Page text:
• Demonstrate melodic, harmonic, and rhythmic aural skills through identification, transcription, and vocalization or instrumental playback of aural musical examples
      • Make informed, critical evaluations of the effectiveness of musical works and performances on the basis of aesthetic qualities, technical excellence, musicality, or convincing expression of feelings and ideas related to cultural and ideological associations
      • Develop a framework for making informed personal musical choices, and utilize that framework in the making and defending of musical choices
      • Demonstrate a nuanced understanding of aesthetics in music, appropriate to the particular features of given styles and genres, as it relates to the human experience in music
      • Know the place of each of the participants in the performance environment and practice appropriate audience participation; recognize the place and importance of music in life

      Physical Education

      • Demonstrate competency in motor skills and movement patterns needed to perform a variety of physical activities
      • Achieve and maintain a health-enhancing level of physical fitness
      • Exhibit responsible personal and social behavior that respects self and others in physical activity settings

      Reading, Writing and Communicating

      • Use language appropriate for purpose and audience
      • Collaborate effectively as group members or leaders who listen actively and respectfully pose thoughtful questions, acknowledge the ideas of others, and contribute ideas to further the group's attainment of an objective
      • Demonstrate comprehension of a variety of informational, literary, and persuasive texts
      • Engage in a wide range of nonfiction and real-life reading experiences to solve problems, judge the quality of ideas, or complete daily tasks
      • Interpret how the structure of written English contributes to the pronunciation and meaning of complex vocabulary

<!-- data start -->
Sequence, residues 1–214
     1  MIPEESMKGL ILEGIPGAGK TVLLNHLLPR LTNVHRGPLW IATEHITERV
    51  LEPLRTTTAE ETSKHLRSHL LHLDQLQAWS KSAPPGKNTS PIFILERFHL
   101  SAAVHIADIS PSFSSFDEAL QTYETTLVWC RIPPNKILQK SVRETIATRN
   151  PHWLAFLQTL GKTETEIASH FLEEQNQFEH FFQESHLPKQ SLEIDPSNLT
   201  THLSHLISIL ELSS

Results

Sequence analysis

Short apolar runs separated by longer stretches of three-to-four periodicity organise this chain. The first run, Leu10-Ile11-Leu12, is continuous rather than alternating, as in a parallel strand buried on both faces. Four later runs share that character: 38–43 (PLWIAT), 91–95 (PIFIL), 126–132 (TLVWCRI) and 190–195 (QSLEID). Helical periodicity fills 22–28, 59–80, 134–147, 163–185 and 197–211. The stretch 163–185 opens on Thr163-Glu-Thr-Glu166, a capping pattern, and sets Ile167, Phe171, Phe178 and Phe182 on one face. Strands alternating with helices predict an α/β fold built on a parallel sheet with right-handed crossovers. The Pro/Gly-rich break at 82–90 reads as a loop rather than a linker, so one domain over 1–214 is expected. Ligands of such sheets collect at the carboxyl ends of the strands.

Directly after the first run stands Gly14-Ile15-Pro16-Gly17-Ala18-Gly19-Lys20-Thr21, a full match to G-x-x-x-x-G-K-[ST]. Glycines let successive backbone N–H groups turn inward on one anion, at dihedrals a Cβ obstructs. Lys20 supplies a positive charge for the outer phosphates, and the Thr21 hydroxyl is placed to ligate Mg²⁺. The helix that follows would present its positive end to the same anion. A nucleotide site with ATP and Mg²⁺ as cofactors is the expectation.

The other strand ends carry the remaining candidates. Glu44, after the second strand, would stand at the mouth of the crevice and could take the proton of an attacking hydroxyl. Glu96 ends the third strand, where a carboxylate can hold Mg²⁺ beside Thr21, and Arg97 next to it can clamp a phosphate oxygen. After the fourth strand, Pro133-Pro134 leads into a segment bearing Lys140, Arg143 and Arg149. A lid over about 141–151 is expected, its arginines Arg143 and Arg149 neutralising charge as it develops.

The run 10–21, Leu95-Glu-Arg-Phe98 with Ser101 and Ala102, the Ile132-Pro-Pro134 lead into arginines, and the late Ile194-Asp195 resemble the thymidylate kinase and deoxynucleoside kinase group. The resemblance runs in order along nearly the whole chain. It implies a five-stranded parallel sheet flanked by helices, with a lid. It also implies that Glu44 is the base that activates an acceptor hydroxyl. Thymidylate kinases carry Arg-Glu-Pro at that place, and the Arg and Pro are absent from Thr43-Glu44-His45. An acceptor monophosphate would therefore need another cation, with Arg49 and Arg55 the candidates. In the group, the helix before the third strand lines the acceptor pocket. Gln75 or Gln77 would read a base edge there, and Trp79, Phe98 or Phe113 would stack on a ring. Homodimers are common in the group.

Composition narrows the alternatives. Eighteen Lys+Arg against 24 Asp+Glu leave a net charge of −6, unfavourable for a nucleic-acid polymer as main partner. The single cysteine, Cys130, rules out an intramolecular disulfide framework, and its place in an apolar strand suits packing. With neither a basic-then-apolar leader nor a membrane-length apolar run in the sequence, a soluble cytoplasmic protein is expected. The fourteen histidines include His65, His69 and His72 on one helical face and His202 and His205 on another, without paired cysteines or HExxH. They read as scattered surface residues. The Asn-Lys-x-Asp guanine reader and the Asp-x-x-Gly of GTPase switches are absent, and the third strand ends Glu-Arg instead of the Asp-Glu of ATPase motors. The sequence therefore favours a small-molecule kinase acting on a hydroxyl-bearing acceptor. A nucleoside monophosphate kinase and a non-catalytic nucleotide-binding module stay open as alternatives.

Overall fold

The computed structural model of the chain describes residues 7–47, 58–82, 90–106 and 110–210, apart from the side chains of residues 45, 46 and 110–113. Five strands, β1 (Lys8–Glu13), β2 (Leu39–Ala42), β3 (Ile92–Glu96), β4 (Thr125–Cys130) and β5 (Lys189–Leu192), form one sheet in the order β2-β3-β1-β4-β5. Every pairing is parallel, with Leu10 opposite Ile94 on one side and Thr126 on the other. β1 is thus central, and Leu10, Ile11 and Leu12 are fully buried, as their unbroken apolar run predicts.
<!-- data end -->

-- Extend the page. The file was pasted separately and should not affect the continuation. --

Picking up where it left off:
• Implement the writing process successfully to plan, revise, and edit written work
      • Apply standard English conventions to effectively communicate with written language
      • Demonstrate the use of a range of strategies, research techniques, and persistence when engaging with difficult texts or examining complex problems or issues


      • Apply an understanding of atomic and molecular structure to explain the properties of matter, and predict outcomes of chemical and nuclear reactions
      • Analyze how various organisms grow, develop, and differentiate during their lifetimes based on an interplay between genetics and their environment
      • Evaluate evidence that Earth's geosphere, atmosphere, hydrosphere, and biosphere interact as a complex system

      Social Studies

      • Develop an understanding of how people view, construct, and interpret history
      • Analyze key historical periods and patterns of change over time within and across nations and cultures
      • Develop spatial understanding, perspectives, and personal connections to the world
      • Examine places and regions and the connections among them
      • Understand the allocation of scarce resources in societies through analysis of individual choice, market interaction, and public policy
      • Acquire the knowledge and economic reasoning skills to make sound financial decisions (PFL)
      • Analyze and practice rights, roles, and responsibilities of citizens
      • Analyze origins, structure, and functions of governments and their impacts on societies and citizens

      Visual Arts

      • Analyze, interpret, and make meaning of art and design critically using oral and written discourse
      • Explain, demonstrate, and interpret a range of purposes of art and design, recognizing that the making and study of art and design can be approached from a variety of viewpoints, intelligences, and perspectives
      • Critique personal work and the work of others with informed criteria
      • Use specific criteria to discuss and evaluate works of art
      • Recognize, articulate, and implement critical thinking in the visual arts by synthesizing, evaluating, and analyzing visual information
      • Recognize, demonstrate, and debate philosophic arguments about the nature of art and beauty (aesthetics)
      • Recognize, demonstrate, and debate the place of art and design in history and culture
      • Develop and build appropriate mastery in art-making skills using traditional and new technologies and an understanding of the characteristics and expressive features of art and design
      • Create works of art that articulate more sophisticated ideas, feelings, emotions, and points of view about art and design through an expanded use of media and technologies
      • Identify, compare and justify that the visual arts are a way to acknowledge, exhibit and learn about the diversity of peoples, cultures and ideas
      • Transfer the value of visual arts to lifelong learning and the human experience
      • Identify, compare, and interpret works of art derived from historical and cultural settings, time periods, and cultural contexts